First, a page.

The organisation should assess information security events and decide if they should be categorised as information security incidents.
Defining and understanding the incident's nature and identifying the boundaries are essential. This ensures the list of incidents identified by an organisation is within the scope, and the organisation can manage the identified incident in case of occurrence.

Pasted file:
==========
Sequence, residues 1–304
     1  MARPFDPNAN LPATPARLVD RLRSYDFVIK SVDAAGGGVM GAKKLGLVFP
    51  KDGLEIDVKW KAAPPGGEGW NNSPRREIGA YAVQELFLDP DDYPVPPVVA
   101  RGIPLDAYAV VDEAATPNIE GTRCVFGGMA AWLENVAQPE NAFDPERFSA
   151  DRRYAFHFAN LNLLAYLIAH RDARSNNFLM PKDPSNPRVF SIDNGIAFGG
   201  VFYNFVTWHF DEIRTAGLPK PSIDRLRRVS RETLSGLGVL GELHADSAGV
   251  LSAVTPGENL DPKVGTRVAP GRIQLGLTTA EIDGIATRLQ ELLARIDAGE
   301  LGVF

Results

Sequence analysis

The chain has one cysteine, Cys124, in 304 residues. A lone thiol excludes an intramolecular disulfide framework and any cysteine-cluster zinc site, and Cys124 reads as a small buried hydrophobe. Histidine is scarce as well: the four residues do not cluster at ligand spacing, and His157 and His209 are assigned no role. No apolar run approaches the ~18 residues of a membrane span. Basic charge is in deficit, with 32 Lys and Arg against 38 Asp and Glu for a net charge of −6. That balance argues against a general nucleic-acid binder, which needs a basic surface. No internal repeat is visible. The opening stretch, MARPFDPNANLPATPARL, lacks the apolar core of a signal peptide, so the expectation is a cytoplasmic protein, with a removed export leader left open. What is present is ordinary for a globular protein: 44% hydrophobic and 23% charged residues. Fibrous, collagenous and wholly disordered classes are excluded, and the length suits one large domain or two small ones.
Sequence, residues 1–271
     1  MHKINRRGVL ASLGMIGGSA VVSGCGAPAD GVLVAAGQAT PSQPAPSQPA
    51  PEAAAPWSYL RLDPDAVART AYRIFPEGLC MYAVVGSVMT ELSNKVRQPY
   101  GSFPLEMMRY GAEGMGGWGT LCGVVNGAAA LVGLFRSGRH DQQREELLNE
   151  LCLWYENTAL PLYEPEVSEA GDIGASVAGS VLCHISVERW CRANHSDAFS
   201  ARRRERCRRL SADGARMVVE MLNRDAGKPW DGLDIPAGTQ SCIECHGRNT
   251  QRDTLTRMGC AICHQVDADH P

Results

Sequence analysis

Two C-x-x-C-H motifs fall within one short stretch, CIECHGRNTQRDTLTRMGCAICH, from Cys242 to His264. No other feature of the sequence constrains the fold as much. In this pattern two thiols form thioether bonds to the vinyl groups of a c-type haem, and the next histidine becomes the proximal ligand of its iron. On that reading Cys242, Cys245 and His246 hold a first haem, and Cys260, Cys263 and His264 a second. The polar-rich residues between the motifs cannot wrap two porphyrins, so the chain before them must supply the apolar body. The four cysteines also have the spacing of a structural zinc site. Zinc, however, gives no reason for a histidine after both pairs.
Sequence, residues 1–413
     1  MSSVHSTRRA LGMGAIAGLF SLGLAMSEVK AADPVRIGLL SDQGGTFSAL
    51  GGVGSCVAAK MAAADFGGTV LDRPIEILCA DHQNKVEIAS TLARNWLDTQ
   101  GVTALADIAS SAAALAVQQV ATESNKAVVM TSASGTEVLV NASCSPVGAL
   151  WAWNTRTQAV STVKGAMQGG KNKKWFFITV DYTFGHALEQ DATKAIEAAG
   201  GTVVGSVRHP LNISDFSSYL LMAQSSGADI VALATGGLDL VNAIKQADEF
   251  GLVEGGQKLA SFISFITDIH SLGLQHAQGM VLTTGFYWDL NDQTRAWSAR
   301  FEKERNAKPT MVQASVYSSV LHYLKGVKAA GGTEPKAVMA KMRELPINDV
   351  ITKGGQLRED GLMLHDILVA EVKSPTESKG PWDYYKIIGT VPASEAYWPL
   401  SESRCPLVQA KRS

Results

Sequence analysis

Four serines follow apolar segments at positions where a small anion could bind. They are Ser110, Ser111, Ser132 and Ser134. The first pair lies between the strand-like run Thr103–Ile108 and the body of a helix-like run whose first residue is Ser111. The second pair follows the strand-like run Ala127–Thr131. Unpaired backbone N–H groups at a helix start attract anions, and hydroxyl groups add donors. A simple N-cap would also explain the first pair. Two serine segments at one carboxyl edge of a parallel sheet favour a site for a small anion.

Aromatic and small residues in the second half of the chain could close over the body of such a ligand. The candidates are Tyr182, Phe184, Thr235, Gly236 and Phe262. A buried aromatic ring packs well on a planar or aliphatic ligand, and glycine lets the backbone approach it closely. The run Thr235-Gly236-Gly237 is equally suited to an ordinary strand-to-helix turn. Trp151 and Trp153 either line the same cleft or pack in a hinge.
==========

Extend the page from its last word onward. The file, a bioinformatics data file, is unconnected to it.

5.25 could be best implemented by creating a list of incidents. Nonetheless, an organisation should be cautious that an overwhelming list exceeding the scope of the business would undoubtedly exhaust human, financial, and technical resources. Reasonably, considering everything as an incident means the company needs to design and implement security countermeasures for all those incidents registered in the list. It might seem like a good practice, but in the long run, the organisation has been paying for numerous roles within the company and expending vast sums of money to protect against an incident that might never happen. On the other hand, many organisations are victims of information security incidents due to underestimating the genuine attack addressing the nature of their business. For instance, small businesses might neglect the fact that despite the company's size, they certainly have valuable information to protect. This negligence primarily causes businesses to overlook the threat to their business. Thus, when an incident occurs, there is significantly less or no readiness to manage the incident within the organisation.
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